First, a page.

When people think of surveillance, they frequently think of George Orwell, the English writer whose depictions of surveillance in his novel Nineteen Eighty-Four continue to resonate and inform our cultural and legal understandings of privacy. Orwell’s critics (and even some of his friends) thought he was a bit paranoid, but recent documents released by the British government suggest he had a point. The documents show that Orwell was himself monitored by the British government’s Special Branch police for over a decade because he was suspected of being a communist. A particularly amusing note in one of the documents explained that, referring to Orwell, “This man has advanced communist views … He dresses in a bohemian fashion both at his office and in his leisure hours.” The documents also reveal that Orwell apparently had tattoos on some of his knuckles, which he apparently picked up as a young man living in India.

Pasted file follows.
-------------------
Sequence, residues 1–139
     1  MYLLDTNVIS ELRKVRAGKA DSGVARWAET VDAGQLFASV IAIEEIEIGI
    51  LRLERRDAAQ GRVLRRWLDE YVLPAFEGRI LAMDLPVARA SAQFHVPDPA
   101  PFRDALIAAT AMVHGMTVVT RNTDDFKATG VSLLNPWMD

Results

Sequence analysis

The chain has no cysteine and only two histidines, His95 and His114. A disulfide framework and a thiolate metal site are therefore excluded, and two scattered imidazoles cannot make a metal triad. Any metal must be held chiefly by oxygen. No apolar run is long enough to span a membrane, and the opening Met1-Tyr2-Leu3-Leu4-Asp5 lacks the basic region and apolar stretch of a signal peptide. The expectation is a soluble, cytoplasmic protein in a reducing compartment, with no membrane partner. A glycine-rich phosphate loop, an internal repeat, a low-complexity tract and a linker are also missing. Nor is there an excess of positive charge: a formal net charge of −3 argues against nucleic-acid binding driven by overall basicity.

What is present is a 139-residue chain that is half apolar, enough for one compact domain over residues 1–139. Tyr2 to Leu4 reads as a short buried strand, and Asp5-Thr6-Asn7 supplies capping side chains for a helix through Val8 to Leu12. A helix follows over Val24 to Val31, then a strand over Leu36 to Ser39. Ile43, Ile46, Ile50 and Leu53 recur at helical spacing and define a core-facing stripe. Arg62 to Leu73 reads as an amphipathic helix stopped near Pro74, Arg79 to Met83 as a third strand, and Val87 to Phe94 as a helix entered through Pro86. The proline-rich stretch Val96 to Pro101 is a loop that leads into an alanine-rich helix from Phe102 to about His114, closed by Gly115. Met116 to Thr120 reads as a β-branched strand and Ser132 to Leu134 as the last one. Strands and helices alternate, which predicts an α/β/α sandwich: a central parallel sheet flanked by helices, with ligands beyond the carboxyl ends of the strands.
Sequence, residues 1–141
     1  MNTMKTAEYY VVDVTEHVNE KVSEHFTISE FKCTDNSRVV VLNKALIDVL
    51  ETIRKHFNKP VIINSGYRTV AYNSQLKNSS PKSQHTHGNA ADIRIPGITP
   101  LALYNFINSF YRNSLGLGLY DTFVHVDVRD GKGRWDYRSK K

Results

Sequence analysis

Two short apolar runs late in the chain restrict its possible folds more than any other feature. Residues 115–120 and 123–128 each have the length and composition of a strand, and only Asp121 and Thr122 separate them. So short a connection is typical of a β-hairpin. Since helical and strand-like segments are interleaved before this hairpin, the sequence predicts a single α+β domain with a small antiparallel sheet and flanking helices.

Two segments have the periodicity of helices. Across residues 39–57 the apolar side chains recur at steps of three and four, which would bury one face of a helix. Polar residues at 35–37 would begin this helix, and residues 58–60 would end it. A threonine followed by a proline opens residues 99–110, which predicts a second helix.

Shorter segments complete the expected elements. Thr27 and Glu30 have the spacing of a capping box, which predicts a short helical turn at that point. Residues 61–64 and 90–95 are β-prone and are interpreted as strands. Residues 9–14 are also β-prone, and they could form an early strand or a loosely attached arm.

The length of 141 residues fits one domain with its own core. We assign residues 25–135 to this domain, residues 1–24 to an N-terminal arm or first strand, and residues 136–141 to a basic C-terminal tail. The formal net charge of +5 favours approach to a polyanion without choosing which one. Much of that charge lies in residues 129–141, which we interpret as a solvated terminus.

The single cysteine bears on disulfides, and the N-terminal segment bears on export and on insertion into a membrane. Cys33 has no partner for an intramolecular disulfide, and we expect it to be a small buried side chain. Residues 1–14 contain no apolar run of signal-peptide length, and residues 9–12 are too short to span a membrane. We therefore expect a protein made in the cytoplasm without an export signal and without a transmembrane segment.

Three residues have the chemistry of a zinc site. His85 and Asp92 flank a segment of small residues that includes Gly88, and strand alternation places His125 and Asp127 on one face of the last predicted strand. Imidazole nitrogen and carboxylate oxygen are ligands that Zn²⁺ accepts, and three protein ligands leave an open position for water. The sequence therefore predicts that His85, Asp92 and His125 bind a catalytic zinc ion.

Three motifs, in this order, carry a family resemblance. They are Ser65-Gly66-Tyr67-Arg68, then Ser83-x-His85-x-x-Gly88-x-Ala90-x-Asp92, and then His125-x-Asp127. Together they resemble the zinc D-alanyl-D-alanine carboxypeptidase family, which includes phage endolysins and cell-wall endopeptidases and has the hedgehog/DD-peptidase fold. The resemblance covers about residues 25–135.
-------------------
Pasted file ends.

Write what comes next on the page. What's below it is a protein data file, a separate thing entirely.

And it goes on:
Orwell was being watched because he was feared to be a communist, a charge that we know (and the government finally figured out after watching him for a decade) to be nonsense. But watching people because they were communists was considered perfectly acceptable in the context of the communist era. One wonders what (and who) is in the surveillance files currently being created by Western governments as part of the war on terrorism. Unfortunately, absent a leak or the extended passage of time, we may never know.